The Fuselage of the USAAF B-24H Liberator that crashed into the Fairy Lochs in 1945 whilst flying American troops back home after the great war.

- Image ID: 2BFA62Y
The Fuselage of the USAAF B-24H Liberator that crashed into the Fairy Lochs in 1945 whilst flying American troops back home after the great war. Stock Photo
Enlarge
https://www.alamy.com/licenses-and-pricing/?v=1 https://www.alamy.com/the-fuselage-of-the-usaaf-b-24h-liberator-that-crashed-into-the-fairy-lochs-in-1945-whilst-flying-american-troops-back-home-after-the-great-war-image353651507.html
The Fuselage of the USAAF B-24H Liberator that crashed into the Fairy Lochs in 1945 whilst flying American troops back home after the great war.
Keith Lloyd Davenport / Alamy Stock Photo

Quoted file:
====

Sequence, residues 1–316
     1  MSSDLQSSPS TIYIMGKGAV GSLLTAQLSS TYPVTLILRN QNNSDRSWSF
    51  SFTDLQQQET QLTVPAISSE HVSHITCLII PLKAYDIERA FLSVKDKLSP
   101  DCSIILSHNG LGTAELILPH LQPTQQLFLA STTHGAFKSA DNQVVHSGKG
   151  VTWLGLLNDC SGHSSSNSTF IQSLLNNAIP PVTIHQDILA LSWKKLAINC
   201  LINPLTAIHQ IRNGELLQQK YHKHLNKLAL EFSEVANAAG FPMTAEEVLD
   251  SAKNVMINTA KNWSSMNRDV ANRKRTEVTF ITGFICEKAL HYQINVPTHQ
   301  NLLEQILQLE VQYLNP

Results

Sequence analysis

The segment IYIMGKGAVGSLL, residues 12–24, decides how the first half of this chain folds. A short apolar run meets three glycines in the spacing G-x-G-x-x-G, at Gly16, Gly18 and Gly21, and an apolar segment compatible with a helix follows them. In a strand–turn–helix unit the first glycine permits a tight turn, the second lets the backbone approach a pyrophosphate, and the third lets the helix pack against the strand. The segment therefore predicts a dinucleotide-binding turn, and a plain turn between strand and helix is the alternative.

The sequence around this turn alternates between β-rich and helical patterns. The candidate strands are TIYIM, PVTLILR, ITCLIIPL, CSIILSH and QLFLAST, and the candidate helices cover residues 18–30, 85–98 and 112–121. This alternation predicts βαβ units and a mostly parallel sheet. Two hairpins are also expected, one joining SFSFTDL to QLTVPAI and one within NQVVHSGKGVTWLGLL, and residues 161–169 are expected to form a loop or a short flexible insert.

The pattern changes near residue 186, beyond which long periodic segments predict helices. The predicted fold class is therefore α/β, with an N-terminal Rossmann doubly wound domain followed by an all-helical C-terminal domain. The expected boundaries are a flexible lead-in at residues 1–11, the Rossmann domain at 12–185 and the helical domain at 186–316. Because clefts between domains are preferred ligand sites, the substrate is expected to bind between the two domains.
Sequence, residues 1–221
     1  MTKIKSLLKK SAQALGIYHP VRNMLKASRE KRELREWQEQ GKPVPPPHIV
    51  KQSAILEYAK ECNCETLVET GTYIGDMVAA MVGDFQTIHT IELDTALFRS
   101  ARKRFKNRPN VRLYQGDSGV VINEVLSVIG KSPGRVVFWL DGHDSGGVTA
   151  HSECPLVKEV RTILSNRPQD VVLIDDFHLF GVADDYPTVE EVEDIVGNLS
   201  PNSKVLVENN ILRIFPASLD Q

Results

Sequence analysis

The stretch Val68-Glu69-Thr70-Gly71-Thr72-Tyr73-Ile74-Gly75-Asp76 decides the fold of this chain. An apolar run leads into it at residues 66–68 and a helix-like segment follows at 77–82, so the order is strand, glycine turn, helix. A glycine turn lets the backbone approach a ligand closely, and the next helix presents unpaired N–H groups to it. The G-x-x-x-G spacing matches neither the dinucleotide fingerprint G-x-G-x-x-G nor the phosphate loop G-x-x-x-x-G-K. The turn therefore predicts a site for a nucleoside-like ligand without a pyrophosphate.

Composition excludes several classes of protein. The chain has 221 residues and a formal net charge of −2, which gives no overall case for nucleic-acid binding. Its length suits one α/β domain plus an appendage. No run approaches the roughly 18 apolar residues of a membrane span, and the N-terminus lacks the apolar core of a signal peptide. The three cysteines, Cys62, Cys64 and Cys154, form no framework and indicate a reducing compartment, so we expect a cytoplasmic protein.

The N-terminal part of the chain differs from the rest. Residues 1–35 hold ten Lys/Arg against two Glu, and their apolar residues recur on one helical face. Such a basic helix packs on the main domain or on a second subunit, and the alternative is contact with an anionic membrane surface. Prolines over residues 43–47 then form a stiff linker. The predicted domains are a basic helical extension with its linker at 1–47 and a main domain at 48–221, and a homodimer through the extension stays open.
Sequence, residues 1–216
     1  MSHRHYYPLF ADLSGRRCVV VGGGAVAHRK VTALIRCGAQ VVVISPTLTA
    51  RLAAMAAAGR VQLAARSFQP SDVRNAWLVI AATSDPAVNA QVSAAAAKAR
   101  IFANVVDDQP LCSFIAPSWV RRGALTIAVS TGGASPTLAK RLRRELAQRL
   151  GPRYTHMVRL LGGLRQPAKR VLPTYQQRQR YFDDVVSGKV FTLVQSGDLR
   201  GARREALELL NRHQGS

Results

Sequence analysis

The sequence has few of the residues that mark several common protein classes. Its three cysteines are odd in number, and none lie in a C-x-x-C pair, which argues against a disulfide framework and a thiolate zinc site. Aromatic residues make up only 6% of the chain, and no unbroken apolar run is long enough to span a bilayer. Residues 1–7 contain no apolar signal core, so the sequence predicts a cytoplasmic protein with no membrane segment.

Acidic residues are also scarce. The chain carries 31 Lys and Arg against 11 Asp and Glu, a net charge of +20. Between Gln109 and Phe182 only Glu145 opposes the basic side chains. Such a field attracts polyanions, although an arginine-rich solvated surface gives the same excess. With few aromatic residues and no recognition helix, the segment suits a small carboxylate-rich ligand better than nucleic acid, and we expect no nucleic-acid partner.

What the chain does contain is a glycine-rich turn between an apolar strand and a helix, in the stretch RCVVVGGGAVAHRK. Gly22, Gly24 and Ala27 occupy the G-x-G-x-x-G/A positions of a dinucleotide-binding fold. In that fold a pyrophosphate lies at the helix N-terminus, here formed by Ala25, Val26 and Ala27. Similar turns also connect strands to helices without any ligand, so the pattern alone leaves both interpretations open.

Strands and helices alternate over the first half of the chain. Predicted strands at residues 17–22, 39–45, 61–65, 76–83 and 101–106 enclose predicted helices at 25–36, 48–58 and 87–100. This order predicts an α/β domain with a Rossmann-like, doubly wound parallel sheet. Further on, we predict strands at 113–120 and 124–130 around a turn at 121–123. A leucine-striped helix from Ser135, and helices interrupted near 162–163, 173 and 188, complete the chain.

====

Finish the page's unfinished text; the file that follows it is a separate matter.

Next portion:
Image ID: 2BFA62Y
The USAAF Liberator crash site, although small and remote, the Fairy Lochs are notable as the crash site of an American World War II bomber. On June 13, 1945, a USAAF B-24 Liberator bomber was returning home to the USA from Prestwick Airfield at the end of World War II. The crew of nine was from 66th Bomber Squadron, also on board were six crewmen from Air Transport Command. Its route via Keflavík in Iceland should have taken the aircaft over Stornoway in the Western Isles, but for an unknown reason the aircraft flew over the Scottish mainland. Over Wester Ross the Liberator began to lose height, and struck the summit of Slioch, a 980m mountain overlooking Loch Maree, losing parts of its bomb bay doors, before flying on towards Gairloch. An attempted crash-landing resulted in the B-24 colliding with rocks and crashing into the Fairy Lochs, scattering wreckage over a wide area. All 15 crew and passengers on board perished in the accident. The area of the crash is now an official WW2 grave.